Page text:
Ask ANYONE!

Ask any individual, parent, family member or service provider how hard it is to recruit and retain a direct support professional and they will likely tell you it is one of their greatest challenges. It is easy to look at the national data and see why it is such a challenge – low wages, high turnover rate, limited (if any) career growth opportunities, non-traditional hours – are just a few of the reasons given for the lack of interest in being a DSP. In looking at the reasons it just can’t go unstated that for the most part the lack of interest has nothing to do with the actual job itself. I loved being a DSP, it was one of my favorite jobs. Many DSPs that I talk to LOVE their job and the people they support. It is a hard job, but it is a GREAT job! The truth is until we see DSPs as a valued profession all it will ever be is “just a job”, just like fast-food or retail… easy in…easy out (which explains the why the average national turnover rate is greater than 50%)!

If we know what the problem is then why can’t we fix it? Obviously, there is no one, or easy, answer to that question but there are certainly some great ideas and strategies out there that would be meaningful steps forward for the profession. We can define, in law, what a DSP is because unfortunately there is no standard or recognized definition federally or in the state.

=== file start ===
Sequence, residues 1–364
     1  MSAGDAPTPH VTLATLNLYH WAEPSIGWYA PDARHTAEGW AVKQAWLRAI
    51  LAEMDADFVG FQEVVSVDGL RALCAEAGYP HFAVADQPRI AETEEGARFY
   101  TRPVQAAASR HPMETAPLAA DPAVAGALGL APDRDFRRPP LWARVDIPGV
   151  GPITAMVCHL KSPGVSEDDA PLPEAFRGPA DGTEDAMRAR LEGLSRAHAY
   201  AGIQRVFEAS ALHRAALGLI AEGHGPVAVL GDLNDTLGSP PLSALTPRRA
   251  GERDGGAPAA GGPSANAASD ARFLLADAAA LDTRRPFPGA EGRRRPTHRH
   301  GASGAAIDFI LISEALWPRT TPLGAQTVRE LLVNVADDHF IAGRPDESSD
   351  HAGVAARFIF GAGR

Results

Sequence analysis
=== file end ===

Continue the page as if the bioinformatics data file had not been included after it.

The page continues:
In California we can take lessons from other states and start by taking a deeper look at our DSP workforce and really assessing what the current and projected needs are. In addition to defining the profession and assessing it we can begin to develop a career ladder by working with the community colleges to develop a certificate program or an Associates of Arts degree that specializes in community supports for people with intellectual and developmental disabilities and ensuring that reimbursement rates, thus wages, reflect the skill level.

The DSP workforce shortage is such a glaring issue that it was even built into the recent rate study (conducted by Burns and Associates and submitted to the legislature by the Department of Developmental Services) in which they proposed a DSP I, II, III tiered model that included rates accordingly. As we engage in policy conversations and moving forward with implementation of the rate study I am hopeful that workforce issues will be at the center of the conversation.

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